And so here we are deep into winter and a new year full of hope and expectations. Now is the time to protect your less hardy trees, (almost all tropical trees fall into this group), reflect on the year now gone, what grew well and what did not? and to prepare for the coming spring.
Some trees need a little bit of extra care over the winter months. Tree types which should be inside during winter:
- Chinese Elm
- Chinese Privet
- Dwarf Umbrella Tree
- Dwarf Jade
- Fukien Tea
A bright south-facing windowsill away from direct heat (e.g. on top of a heater of any kind) will keep them happy and healthy as long as you remember to keep the soil moist.
Top tips for the cold dark days of winter:
Avoid wind. The wind is the most dangerous element in winter as cold air can dry out trees quickly. Trees that dry out in winter are more likely to lose branches or die.
- Keep trees well-watered. Dormant trees don’t completely shut down in winter. As such, they will continue to need water. Bonsai trees in warmer and brighter places may require watering more often than those in colder spaces. Watering once a month might be more appropriate for trees in cold conditions.
- Reduce temperature fluctuations. For most temperate types of Bonsai trees, the goal is to maintain temperatures between 1-5° Celcius throughout winter. Cold enough to meet dormancy requirements without exposing trees to harmful temperatures.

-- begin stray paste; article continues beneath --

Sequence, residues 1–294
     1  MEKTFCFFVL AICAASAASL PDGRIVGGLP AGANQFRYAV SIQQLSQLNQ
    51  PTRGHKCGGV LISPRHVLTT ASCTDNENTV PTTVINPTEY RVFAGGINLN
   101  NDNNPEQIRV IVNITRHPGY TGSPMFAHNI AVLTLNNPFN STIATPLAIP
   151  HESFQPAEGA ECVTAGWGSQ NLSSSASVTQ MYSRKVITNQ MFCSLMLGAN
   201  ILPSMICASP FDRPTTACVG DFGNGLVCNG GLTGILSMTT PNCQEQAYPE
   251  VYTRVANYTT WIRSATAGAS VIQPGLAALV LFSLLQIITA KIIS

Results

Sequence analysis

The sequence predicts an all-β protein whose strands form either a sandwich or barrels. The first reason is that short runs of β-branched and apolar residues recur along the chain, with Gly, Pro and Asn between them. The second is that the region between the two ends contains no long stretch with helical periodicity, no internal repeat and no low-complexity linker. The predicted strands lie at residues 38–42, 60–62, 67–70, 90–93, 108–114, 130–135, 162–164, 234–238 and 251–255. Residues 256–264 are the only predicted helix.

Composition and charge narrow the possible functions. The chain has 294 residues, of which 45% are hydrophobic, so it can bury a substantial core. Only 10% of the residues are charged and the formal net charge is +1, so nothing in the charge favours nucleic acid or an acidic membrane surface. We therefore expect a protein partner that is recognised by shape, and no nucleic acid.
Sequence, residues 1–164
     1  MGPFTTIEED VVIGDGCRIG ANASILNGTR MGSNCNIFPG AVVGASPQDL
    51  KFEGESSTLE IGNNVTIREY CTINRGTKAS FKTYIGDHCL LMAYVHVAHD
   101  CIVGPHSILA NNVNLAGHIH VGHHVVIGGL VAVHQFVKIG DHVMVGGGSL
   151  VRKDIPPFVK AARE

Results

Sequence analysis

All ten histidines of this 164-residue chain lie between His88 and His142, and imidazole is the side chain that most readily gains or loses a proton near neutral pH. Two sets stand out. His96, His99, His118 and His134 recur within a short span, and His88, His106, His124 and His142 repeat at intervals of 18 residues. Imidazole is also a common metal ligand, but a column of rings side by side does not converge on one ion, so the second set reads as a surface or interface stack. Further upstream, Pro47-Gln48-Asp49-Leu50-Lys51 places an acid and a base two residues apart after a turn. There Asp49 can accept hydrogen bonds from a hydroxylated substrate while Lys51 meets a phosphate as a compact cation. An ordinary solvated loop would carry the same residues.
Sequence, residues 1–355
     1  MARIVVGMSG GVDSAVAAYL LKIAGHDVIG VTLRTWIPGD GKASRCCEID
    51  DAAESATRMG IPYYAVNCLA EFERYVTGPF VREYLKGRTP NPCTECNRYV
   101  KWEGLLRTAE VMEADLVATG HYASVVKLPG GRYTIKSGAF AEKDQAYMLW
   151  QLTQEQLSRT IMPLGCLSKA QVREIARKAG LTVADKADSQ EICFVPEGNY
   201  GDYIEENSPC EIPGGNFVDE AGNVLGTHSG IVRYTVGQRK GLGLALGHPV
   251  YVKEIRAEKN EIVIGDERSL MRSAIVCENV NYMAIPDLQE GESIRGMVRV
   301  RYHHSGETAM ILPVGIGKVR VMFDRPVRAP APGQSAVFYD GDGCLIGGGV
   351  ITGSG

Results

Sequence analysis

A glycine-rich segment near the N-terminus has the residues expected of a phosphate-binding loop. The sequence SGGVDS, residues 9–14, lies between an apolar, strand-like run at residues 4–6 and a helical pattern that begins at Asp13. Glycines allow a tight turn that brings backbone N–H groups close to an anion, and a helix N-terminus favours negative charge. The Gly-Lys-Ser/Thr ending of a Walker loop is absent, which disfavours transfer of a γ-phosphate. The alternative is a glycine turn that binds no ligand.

- Reduce freeze-thaw cycles. Trees that freeze and thaw frequently experience more stress than trees that consistently stay just above or just below freezing.
- Maintain dormancy for as long as possible. As we’ll cover below, spring care can be challenging in cold climates as late freezes can damage new growth. By keeping trees dormant until freezes become infrequent, you can help your trees grow successfully in spring.
With these criteria in mind, here are some notes about popular approaches to winter storage for bonsai.
- Place trees under benches. If your winters are relatively mild but temperatures can drop to the -6° C, placing trees on the ground or under benches can provide additional warmth and shelter trees from heavy snow loads.
- Bury trees in the garden. Dig holes big enough for bonsai pots and backfilling them with dirt just over the lip of their container. You can provide insulation for the roots while exposing the tops of trees to the elements. Shovelling snow around the trees up to the first branches can provide additional insulation.
- Place trees in covered or uncovered mulch beds. As an alternative to burying them in the soil in the garden.
Perhaps the most important thing to remember as always is to remember to talk to your trees on a daily bases. Do not forget them even if they have entered into a deep ‘winter sleep’! They can still tell you how they are doing. You only have to listen!